Cities develop at a rapid pace, creating an almost endless cycle of new architectural introductions. For some architects, it is considered vital that a building reflects the current culture of a city, but for others, architectural progression is a higher concern. And when the latter is applied in the built environment, controversy is rarely far behind. Check out these five examples of urban architecture that weren’t greeted with open arms.
This 27 story building, with space for 168 cars and 600 full time staff employed to maintain it houses only one family. Located in south Mumbai near the city’s slums, the vast expense involved in the construction has been cited as a ‘stupendous show of wealth’. Nevertheless, the building is apparently now worth in excess of $1 billion.
Louvre Pyramid, Paris
Initially receiving considerable criticism for looking out of place against Paris’ surrounding traditional architecture (a frequently cited concern in Paris), it is this very juxtaposition that has become the building’s triumph. Despite many locals still objecting to the building, it has eventually become an iconic addition to the French capital.
The Strata, London
Heralded as being ‘environmentally innovative’ partly as a result of the three wind turbines on its roof, London’s The Strata has won awards… for being the worst new building in Britain. As the only high-rise building in the area, the development feels out of place and in fact only generates 8% of its energy needs.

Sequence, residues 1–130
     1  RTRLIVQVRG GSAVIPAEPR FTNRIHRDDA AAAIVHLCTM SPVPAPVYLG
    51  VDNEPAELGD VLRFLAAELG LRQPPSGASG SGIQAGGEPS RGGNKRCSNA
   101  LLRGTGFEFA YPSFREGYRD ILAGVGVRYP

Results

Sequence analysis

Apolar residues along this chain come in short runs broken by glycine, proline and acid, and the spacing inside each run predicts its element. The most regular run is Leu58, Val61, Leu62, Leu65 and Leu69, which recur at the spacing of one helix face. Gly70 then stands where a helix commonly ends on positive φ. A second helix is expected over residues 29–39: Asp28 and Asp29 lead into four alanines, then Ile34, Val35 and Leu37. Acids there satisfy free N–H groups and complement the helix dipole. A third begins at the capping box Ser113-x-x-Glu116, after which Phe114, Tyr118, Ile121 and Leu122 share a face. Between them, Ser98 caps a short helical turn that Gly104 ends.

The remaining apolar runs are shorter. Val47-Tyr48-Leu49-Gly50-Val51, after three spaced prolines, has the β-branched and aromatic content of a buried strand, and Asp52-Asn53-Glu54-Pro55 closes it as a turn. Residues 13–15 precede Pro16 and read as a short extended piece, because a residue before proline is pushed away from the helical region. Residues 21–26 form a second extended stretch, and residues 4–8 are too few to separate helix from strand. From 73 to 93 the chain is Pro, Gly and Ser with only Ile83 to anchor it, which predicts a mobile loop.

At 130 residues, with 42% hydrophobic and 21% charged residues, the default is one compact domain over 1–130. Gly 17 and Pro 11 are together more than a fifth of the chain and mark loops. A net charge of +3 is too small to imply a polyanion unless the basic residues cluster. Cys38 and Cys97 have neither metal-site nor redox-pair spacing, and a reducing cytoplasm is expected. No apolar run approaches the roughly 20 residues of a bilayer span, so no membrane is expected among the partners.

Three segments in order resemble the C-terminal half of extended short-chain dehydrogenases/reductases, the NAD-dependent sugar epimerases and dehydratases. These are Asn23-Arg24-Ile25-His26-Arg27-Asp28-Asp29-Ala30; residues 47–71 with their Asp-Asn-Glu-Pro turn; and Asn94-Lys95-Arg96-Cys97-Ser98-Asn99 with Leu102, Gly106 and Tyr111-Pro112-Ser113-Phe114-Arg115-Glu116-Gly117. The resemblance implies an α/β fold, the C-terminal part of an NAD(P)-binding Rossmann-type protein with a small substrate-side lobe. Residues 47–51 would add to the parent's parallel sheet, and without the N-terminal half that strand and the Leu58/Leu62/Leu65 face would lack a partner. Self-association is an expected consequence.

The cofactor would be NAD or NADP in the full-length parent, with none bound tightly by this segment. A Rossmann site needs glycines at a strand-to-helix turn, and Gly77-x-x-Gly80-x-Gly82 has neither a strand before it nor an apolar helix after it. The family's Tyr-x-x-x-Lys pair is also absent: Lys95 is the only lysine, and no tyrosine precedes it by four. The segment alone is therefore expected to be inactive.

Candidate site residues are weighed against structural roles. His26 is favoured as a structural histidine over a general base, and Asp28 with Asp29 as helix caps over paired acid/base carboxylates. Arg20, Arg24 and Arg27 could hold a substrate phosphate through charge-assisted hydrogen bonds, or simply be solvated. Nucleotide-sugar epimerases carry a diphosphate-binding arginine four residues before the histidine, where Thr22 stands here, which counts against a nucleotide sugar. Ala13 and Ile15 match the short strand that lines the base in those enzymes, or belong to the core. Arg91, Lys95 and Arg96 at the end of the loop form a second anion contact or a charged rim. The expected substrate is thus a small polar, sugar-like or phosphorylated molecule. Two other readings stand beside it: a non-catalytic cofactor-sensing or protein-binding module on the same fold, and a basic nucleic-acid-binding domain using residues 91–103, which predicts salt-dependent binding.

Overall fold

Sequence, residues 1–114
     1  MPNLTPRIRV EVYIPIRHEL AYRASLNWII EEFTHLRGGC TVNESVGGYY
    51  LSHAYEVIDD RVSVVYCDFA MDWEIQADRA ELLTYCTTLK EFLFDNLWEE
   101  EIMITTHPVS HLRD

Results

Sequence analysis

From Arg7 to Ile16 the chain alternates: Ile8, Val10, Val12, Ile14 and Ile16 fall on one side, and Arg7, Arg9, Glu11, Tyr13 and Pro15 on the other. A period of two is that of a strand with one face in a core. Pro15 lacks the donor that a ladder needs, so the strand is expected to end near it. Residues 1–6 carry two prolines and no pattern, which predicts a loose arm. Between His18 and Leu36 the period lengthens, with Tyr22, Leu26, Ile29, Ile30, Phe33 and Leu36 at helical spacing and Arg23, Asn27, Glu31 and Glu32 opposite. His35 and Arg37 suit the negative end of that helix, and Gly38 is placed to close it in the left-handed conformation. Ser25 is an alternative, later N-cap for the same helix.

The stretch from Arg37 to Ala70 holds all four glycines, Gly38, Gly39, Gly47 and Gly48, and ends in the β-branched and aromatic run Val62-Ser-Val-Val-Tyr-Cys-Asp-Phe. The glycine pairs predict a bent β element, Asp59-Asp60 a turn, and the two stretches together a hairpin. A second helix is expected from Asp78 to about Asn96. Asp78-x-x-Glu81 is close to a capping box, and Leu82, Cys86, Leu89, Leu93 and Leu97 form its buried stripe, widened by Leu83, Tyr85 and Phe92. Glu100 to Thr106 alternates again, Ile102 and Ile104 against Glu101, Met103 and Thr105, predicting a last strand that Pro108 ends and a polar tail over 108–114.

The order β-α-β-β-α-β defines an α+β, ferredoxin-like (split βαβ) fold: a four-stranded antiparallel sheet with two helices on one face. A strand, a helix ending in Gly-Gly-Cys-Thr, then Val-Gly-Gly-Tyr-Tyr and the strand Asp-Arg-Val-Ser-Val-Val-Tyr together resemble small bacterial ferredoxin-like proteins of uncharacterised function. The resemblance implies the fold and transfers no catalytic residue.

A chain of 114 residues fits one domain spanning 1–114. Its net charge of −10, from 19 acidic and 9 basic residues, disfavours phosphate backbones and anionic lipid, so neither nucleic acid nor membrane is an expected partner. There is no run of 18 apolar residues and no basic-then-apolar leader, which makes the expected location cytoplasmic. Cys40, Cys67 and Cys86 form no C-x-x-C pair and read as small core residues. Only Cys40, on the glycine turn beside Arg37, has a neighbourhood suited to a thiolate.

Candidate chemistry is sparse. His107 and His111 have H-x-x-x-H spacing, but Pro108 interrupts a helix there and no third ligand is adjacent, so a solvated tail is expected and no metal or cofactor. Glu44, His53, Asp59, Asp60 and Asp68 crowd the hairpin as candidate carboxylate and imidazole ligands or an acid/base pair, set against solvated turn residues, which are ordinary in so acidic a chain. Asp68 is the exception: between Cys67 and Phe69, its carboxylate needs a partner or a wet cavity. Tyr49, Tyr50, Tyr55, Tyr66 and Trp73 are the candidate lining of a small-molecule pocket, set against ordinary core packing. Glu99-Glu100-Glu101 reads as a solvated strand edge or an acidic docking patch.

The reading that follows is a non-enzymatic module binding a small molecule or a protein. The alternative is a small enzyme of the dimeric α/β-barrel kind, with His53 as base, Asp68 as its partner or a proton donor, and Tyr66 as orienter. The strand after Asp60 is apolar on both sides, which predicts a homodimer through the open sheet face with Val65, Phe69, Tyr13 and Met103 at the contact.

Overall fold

Palacio De Congresos, Oviedo
Drawing comparisons to ‘a dying bird’ by some locals, the white concrete construction of the Spanish city of Oviedo’s newest shopping centre cum office block is radically different from most surrounding buildings. Constructed during the worst of the global economic recession, the dramatic design has appeared at a time when Spanish property prices have dropped by around 25%.
Yale Art and Architecture Building, New Haven
Completed in 1963, this building has only recently been finished as originally intended (thanks @pipsan for the heads up!). The concrete-heavy, box-like design was never going to attract universal acclaim, instead bringing affection and criticism in equal measure. After supposedly accidental fire damage in 1969, general disrepair, and an understandably upset architect, acclaim and affection has finally won out with the Yale Art and Architecture building being restored as per its initial design.